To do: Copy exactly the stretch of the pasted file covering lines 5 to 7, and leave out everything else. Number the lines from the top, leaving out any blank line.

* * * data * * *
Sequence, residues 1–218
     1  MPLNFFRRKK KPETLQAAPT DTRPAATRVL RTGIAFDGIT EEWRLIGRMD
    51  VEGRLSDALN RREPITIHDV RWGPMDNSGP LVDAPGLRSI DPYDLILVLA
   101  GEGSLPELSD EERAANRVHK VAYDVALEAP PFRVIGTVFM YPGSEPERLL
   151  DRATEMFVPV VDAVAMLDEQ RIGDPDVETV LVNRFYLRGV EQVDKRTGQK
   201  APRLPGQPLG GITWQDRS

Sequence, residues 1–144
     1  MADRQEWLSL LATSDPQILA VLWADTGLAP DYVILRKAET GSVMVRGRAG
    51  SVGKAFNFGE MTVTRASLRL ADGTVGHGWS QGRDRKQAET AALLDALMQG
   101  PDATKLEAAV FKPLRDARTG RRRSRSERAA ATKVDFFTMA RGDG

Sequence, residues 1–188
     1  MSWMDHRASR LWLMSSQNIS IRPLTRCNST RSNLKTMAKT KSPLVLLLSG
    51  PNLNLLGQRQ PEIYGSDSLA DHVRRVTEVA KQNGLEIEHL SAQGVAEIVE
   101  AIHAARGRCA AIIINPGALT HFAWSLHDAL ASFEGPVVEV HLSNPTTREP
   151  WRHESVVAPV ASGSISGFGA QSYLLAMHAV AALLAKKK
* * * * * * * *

   151  DRATEMFVPV VDAVAMLDEQ RIGDPDVETV LVNRFYLRGV EQVDKRTGQK
   201  APRLPGQPLG GITWQDRS

Sequence, residues 1–144